Pissing on an Imaginary Tree

It’s de rigueur for small government advocates to carp about government intrusion, over-regulation, or the wisdom of forcing laws down to local levels, sometimes at the risk of being inconsistent.

Inconsistency is bipartisan and a product of trying to solve difficult problems without context or tainted by personal economic preferences or moral beliefs that others don’t share.

Fair-Weather Libertarians
For example, gay marriage. Many fair-weather libertarians, Tea Partiers, and conservatives support the federal Defense of Marriage Act, despite its codifying government meddling in personal lives. The position creates a conflict between a personal moral decision and a fear of Big Brotherism. One can’t make a black and white argument for both. You either have to sacrifice a little personal morality or soften some iron-clad objections to government meddling.

So, let’s look at a new issue within the paradigm of small government, regulation, and personal freedom – the state of California requiring porn actors use condoms to cut STDs for professional pud-wielders and, by extension, the rest of us.

The decision’s already at a state level, so one point for the local decision crowd.

But, it should be a regulation bother for the strict, anti-regulation folks. More unsheathed boffing, more big bonuses for horny porny CEOs. Almost nothing is more profitable than porn in a free-market.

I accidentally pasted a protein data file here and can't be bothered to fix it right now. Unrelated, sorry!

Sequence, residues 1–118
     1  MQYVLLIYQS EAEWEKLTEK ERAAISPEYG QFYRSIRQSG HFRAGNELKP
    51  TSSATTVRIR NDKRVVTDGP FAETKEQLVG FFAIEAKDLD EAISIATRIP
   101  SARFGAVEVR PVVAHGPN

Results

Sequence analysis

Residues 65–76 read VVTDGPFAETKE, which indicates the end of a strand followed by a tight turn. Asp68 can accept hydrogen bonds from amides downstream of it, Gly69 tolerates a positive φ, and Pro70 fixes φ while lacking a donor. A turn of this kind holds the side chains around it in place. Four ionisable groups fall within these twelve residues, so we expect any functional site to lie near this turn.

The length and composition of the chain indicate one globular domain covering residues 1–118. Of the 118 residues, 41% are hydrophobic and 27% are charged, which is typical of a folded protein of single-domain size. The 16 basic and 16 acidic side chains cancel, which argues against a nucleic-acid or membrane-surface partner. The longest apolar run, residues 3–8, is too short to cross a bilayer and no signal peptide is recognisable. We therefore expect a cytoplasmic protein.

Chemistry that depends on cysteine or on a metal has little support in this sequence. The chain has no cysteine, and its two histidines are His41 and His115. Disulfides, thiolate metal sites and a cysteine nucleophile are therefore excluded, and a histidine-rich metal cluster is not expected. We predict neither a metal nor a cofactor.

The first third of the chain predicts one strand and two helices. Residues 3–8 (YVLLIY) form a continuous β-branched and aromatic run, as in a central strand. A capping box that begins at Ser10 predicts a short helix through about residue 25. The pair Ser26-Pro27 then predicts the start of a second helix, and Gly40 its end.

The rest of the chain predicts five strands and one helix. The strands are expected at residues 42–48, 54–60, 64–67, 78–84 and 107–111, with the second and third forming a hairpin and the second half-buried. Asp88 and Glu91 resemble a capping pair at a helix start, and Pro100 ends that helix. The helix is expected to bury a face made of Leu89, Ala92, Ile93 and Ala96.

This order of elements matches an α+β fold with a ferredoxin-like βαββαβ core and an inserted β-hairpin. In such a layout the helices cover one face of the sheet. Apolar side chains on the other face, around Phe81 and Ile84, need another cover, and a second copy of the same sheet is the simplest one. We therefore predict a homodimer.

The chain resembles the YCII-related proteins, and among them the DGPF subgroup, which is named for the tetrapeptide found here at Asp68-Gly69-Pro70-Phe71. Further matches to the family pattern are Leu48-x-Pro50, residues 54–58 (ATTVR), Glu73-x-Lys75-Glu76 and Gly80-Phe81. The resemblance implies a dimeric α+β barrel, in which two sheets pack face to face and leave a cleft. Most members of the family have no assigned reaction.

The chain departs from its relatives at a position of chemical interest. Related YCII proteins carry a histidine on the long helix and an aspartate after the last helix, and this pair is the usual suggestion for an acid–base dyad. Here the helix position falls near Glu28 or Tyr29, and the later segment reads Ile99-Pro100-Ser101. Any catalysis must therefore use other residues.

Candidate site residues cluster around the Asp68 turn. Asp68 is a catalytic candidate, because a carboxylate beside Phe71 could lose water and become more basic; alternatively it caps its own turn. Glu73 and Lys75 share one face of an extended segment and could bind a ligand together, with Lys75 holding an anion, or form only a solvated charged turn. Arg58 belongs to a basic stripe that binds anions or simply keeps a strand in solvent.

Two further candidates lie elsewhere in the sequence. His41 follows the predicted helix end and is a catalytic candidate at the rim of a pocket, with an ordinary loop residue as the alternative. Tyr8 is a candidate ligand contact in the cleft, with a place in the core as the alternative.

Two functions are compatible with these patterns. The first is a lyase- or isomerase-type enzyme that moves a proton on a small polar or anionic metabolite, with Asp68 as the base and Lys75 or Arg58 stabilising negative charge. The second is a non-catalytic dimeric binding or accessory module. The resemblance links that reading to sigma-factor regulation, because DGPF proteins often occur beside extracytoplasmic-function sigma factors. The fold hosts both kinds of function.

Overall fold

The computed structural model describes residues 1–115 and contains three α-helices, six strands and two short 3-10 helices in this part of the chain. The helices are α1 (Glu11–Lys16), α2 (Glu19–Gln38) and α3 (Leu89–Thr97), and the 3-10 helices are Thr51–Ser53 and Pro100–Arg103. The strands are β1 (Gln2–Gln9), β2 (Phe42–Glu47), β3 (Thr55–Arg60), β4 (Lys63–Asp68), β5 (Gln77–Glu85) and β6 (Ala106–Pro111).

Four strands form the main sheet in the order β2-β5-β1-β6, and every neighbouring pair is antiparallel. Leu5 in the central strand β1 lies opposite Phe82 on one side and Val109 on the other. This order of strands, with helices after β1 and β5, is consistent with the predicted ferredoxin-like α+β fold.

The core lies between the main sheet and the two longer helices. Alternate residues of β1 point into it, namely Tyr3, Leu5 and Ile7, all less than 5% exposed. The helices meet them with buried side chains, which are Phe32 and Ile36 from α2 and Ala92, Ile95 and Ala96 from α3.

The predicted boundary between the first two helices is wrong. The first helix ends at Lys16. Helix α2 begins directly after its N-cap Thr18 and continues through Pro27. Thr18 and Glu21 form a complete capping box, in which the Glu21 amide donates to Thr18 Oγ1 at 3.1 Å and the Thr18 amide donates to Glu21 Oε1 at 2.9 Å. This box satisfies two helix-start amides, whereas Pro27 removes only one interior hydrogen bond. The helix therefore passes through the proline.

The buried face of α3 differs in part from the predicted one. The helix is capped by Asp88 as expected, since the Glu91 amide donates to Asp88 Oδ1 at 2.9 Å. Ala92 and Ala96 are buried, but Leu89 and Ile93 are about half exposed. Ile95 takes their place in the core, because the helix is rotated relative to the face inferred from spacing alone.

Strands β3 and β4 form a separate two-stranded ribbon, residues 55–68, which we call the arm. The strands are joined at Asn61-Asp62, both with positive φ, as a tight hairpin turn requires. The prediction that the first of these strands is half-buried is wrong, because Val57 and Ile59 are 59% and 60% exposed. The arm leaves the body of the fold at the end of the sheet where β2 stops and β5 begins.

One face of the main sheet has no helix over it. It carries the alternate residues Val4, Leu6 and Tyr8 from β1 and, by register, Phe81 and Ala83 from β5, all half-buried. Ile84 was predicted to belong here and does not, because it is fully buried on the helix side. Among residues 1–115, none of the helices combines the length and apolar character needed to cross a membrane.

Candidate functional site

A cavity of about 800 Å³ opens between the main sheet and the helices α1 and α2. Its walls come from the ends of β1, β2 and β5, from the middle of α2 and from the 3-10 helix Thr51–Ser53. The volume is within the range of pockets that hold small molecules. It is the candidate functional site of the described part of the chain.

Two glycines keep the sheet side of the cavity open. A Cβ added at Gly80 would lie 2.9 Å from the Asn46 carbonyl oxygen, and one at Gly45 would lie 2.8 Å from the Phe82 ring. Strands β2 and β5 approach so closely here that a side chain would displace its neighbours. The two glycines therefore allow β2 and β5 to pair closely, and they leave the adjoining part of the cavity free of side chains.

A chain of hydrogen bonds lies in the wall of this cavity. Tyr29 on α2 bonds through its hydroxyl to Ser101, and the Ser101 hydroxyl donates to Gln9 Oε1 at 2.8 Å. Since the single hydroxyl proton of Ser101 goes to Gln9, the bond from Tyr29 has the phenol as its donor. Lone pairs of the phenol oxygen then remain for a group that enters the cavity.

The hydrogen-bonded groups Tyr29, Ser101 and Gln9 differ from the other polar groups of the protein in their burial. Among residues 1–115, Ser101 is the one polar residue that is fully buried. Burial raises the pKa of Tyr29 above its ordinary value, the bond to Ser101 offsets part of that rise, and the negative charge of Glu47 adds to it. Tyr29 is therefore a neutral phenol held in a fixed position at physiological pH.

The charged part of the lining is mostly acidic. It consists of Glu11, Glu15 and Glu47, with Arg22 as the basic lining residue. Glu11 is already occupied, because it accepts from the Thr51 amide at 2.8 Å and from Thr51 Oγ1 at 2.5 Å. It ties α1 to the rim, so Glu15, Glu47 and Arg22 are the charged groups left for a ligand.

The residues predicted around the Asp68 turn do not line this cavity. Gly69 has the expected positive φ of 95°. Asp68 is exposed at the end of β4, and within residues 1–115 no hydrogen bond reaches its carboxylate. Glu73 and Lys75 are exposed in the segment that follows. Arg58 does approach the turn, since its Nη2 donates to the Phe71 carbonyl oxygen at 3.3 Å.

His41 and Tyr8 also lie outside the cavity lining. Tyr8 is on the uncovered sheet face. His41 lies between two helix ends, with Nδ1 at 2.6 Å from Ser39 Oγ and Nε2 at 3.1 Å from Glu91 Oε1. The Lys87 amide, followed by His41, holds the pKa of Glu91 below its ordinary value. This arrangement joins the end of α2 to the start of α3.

Schtuping for Hire
Yet, many with a pantload of self-proclaimed piety wouldn’t object if Big Brother and the Choking Company moved in and outlawed porn altogether, not withstanding government’s interference in schtuping for hire.

Most people would prefer a sharply delineated world where decisions are a binary yes or no. But, they also want exclusive moral notions of right or wrong, despite what that means to everyone else.

When they catch others in their inconsistency trap, they’re powerful anti-inconsistency wolverines scarfing up the carrion. When they catch their leg in the trap they’ll chew it off to explain their own inconsistencies with arguments as weak as an elementary school debate team’s.

News flash. The world is complex. The world is capricious. Big, small, or medium government isn’t the answer on its own. Neither is keeping everything we’re already swimming in. Sometimes yes is no and sometimes no is yes. Anyone who thinks the world should always be totally fair or consistent or based solely on their morals or ideology is a dog pissing on an imaginary tree.

And, it gets the rest of our shoes smelly and wet.

Cross posted at The Omnipotent Poobah Speaks!

 

Common Corporate Sense

Half a world away, a tiny band of workers is trying to save their country from a nuclear meltdown. Closer to home, 11 people died and tens of thousands more lost their livelihoods when an oil rig caught fire in the Gulf of Mexico. Even closer, my local news carries daily accounts of how a gas line explosion that left 8 dead, 50 injured, and 40 families homeless could have been prevented.